Background: Flexible sigmoidoscopy is currently recommended as a screening modality for colorectal cancer. However, a substantial number of patients experience discomfort because of the procedure. possibly limiting compliance and thus screening success. During endoscopy, air is commonly used to insufflate the bowel. Carbon dioxide rather than air insufflation has been shown to reduce procedure-related pain and discomfort in colonoscopy. The aim of the present study was to evaluate whether carbon dioxide insufflation reduces discomfort during and after flexible sigmoidoscopy for colorectal cancer screening.
Methods: In a randomized, double-blinded design, 230 consecutive participants in a population-based flexible sigmoidoscopy colorectal cancer screening trial were assigned to have their examination performed with either carbon dioxide or air insufflation. Patients were asked to grade discomfort experienced both during and in the hours after the procedure on a visual analogue scale.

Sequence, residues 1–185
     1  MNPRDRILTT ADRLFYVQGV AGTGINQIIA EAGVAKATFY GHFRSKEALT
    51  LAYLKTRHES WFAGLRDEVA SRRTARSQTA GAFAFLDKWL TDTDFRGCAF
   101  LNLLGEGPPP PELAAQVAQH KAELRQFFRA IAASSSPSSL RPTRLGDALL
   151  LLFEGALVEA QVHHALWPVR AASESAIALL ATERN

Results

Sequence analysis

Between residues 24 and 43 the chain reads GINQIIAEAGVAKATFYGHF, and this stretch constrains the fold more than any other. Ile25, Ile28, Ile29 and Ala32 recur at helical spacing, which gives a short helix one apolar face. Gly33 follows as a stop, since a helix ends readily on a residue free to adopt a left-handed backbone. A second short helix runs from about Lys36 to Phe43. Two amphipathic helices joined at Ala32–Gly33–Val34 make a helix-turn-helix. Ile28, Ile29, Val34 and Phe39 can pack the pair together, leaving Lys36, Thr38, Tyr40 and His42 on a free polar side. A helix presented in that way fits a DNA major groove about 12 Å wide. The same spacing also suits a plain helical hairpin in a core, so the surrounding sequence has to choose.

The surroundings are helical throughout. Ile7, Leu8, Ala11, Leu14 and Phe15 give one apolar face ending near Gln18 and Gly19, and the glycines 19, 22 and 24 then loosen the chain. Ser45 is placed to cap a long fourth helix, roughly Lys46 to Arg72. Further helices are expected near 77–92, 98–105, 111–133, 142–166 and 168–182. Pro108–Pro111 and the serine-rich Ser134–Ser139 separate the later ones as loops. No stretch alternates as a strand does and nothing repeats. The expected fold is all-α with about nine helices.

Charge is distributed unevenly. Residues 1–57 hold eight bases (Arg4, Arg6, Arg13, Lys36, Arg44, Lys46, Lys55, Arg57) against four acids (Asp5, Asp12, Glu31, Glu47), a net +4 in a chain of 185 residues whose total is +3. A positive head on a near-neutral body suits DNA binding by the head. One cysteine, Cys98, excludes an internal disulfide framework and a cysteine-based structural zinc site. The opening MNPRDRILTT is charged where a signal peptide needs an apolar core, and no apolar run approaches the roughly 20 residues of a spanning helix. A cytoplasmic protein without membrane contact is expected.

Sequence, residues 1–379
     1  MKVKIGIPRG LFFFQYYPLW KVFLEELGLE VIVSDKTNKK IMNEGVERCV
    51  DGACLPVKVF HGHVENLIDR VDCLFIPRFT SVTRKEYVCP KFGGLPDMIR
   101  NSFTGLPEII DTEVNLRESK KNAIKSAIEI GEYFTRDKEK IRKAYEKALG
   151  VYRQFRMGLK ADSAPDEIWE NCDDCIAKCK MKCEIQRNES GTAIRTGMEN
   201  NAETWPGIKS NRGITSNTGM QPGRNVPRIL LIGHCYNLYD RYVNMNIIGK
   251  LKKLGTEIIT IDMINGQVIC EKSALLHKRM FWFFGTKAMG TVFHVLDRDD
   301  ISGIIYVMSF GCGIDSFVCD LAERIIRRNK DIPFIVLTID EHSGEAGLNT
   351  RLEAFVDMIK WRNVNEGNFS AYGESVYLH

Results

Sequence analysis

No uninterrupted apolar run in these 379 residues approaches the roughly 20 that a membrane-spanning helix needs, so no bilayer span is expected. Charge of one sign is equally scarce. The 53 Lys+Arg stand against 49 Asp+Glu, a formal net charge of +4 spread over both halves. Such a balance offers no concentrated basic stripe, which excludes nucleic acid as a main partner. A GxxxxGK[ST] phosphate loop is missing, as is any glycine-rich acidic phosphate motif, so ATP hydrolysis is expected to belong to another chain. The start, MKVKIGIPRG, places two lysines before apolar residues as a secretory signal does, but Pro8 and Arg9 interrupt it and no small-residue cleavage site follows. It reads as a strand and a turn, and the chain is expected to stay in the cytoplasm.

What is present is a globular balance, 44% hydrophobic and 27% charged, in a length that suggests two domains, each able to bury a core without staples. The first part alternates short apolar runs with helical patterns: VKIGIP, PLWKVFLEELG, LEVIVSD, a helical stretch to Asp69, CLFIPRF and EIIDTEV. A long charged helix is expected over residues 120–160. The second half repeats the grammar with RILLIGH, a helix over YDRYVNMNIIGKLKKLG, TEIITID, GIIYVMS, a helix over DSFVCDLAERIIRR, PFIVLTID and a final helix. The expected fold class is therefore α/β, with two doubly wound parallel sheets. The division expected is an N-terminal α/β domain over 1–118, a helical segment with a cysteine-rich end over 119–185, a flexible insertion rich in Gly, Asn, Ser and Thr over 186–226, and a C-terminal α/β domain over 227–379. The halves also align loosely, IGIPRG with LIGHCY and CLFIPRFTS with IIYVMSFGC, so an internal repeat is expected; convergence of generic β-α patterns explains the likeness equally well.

Results: Carbon dioxide insufflation significantly reduced the amount of discomfort at 1, 3 and 6 h after the sigmoidoscopy. One hour after the examination. 84% of patients in the CO2 group reported no discomfort, compared to 64% in the air group (P = 0.006). No differences between the groups were observed during the examination.
Conclusions: Carbon dioxide insufflation significantly reduced post-examination discomfort. The use of carbon dioxide rather than air insufflation may contribute to better public acceptance for flexible sigmoidoscopy screening.